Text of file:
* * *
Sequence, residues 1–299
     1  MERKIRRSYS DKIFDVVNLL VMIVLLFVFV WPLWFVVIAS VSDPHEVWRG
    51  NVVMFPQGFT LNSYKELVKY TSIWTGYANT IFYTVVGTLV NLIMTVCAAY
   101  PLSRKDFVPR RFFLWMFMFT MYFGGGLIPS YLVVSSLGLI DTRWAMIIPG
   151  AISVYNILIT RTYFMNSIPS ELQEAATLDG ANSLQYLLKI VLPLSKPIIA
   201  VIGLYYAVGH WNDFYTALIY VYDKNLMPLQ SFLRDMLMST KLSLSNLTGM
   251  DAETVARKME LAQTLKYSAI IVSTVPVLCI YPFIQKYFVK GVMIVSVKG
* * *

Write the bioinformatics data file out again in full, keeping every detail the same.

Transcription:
Sequence, residues 1–299
     1  MERKIRRSYS DKIFDVVNLL VMIVLLFVFV WPLWFVVIAS VSDPHEVWRG
    51  NVVMFPQGFT LNSYKELVKY TSIWTGYANT IFYTVVGTLV NLIMTVCAAY
   101  PLSRKDFVPR RFFLWMFMFT MYFGGGLIPS YLVVSSLGLI DTRWAMIIPG
   151  AISVYNILIT RTYFMNSIPS ELQEAATLDG ANSLQYLLKI VLPLSKPIIA
   201  VIGLYYAVGH WNDFYTALIY VYDKNLMPLQ SFLRDMLMST KLSLSNLTGM
   251  DAETVARKME LAQTLKYSAI IVSTVPVLCI YPFIQKYFVK GVMIVSVKG